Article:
CHAIR BERRIEN: Cepero. Thank you. Vice President of Human Resources for the YMCA of Greater Rochester and State Director of the New York State Society for Human Resource Management. Thank you, Mr. Cepero.
Chairperson Berrien and distinguished Commissioners Ishimaru, Barker, Feldblum, and Lipnic, thank you for the opportunity to testify on behalf of the Society for Human Resource Management, or SHRM.
I have 15 years of experience as a human resource professional focusing on recruitment, employment development, and succession planning. As you know, SHRM provides its 255,000 members with educational resources on effective human resource practices and strategic workforce issues. For that reason, we appreciate your highlighting fair and equitable employment practices, in this case as they relate to Title VII of the Civil Rights Act of 1964.
While some employers might purposely violate employment laws, SHRM is unaware of widespread recruiting practices that involve blanket exclusions of the unemployed. The stakes involved are too high for that.
According to SHRM research, the average cost per hire for all industries in 2009 was $1,978. In knowledge.based industries, such as high tech, the cost was $3,045. In addition, it took an average of 27 days to fill a position, with the time rising to 35 days for high tech. Open positions mean lost productivity. Yet, poor hiring decisions can be costly. As I said, the stakes are high.
Allow me to focus now on just a few steps of a typical hiring process. Our search may begin by posting job openings in print, online, and in social media. We can also turn to networking, employee referrals, and job fairs.
Employers may also use staffing firms for specific job categories, such as IT, and they may turn to staffing firms when hiring needs exceed their in.house processing abilities.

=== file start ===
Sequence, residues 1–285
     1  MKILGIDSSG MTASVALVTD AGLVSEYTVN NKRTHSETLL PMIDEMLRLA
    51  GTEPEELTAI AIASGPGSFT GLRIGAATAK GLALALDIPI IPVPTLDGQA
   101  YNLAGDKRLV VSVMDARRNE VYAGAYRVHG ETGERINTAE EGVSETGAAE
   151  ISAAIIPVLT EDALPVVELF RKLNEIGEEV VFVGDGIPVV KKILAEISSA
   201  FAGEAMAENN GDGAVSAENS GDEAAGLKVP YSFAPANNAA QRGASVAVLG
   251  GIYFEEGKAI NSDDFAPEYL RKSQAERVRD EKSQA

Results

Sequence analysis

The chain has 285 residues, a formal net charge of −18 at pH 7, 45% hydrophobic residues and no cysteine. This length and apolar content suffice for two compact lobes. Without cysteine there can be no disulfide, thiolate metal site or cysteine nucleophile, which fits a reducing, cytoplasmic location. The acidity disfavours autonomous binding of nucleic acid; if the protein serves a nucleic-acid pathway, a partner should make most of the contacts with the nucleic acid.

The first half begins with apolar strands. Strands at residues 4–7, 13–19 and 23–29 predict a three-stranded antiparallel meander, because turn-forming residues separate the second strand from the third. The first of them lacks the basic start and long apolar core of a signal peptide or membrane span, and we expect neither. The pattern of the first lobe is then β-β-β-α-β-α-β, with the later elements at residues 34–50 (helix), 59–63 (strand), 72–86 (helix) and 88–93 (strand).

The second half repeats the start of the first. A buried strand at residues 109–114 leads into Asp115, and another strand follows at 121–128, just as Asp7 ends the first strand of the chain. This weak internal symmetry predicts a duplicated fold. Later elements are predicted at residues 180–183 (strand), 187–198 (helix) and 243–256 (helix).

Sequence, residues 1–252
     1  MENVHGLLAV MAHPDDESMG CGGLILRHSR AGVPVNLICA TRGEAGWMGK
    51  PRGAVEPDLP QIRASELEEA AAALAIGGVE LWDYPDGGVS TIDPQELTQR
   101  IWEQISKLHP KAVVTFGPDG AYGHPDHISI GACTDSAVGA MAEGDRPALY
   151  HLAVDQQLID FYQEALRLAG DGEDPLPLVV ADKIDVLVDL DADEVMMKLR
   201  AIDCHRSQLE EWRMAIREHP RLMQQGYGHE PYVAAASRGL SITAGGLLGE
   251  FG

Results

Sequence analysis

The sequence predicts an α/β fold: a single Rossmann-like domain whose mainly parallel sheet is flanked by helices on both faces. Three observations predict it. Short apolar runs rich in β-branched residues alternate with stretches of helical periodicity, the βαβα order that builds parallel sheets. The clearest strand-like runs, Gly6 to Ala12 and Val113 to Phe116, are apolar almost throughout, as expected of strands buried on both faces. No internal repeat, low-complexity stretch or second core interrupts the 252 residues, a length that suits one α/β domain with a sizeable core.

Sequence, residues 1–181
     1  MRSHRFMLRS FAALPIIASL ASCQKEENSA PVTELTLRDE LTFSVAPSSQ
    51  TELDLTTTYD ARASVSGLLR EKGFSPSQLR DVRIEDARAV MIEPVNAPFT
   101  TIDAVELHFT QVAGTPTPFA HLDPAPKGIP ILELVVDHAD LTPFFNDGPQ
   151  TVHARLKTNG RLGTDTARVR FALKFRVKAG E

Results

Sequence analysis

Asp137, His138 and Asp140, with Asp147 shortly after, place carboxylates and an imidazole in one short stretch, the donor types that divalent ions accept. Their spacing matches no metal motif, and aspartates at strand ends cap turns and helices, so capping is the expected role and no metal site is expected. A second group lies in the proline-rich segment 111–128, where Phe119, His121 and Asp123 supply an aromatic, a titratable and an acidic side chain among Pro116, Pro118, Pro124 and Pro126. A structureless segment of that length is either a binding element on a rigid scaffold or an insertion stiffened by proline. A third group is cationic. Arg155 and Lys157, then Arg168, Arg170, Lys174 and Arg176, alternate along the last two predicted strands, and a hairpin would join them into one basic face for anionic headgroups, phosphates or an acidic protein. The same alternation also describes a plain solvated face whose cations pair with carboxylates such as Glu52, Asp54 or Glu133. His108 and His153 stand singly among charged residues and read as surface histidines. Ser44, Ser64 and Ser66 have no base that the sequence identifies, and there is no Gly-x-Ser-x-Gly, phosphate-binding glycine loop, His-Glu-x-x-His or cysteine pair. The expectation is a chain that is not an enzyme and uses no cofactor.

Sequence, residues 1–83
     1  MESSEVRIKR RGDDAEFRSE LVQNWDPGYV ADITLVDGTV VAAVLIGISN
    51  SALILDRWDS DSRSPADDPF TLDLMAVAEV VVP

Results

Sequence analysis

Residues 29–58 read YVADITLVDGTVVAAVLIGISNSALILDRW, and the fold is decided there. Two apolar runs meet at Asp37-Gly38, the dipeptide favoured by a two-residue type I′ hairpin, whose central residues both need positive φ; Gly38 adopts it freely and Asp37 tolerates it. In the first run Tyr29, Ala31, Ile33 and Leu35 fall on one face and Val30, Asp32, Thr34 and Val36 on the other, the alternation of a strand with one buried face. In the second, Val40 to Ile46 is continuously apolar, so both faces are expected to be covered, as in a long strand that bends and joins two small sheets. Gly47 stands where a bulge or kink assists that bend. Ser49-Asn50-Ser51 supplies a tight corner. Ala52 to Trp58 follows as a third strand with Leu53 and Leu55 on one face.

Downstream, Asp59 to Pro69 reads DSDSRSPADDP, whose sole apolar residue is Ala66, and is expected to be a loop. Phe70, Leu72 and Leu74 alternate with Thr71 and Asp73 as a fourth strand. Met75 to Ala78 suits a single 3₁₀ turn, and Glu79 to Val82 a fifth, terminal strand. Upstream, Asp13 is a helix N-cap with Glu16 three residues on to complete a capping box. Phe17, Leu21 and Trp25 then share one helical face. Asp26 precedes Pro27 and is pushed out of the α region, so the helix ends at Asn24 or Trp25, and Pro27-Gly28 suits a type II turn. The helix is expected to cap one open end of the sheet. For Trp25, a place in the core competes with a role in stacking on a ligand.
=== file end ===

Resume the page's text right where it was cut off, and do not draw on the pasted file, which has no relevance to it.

As for focusing on the best candidates, SHRM research found that 56 percent of employers identified skills directly applicable to the job as being the most influential. Next were characteristics for good fit, 42 percent; professionalism, 32 percent; and passion, 20 percent. With that many factors in play, a large applicant pool benefits the employer. Screening out the unemployed is counterproductive.
At my employer, the YMCA of Greater Rochester, we work with three public agencies to help us recruit and place the unemployed. In 2010, we hired 260 staff that had been unemployed 6 months or more. And 91 percent of those people are still with us.
Granted, our experience is not universal. Some employers have struggled to find qualified candidates with the right skill set, despite high unemployment. A candidate who has been out of work for a while may have stale or obsolete skills compared to candidates from recent paid or volunteer experiences. Certain IT positions in IT and web design are examples.
SHRM encourages us to target and hire from a diverse group of candidates. For instance, the Society is working with the Department of Labor's Office of Disability Employment Policy, that and the Department of Defense, to encourage hiring individuals with disabilities and returning veterans.
SHRM also produces a monthly survey called, Leading Indicators of National Employment, or LINE, that forecasts trends in the U.S. private sector workforce. The LINE report released this month shows a rise in vacancies.
Human resource professionals in both the manufacturing and service sectors reported more difficulty recruiting for key positions compared with one year ago. The ongoing post.recession rise in productivity could mean that employers are relying more on fewer employees who have higher skills.
In conclusion, SHRM is unaware of any trend in excluding the unemployed from consideration for jobs. Whatever the economic climate, employers are simply focused on finding the right people for the job, whether currently employed or not. And SHRM members recognize that blanket exclusions raise concerns under Title VII.
As the Commission explores this issue and its potential discriminatory impact, SHRM welcomes the opportunity to assist you with your educational efforts to employers.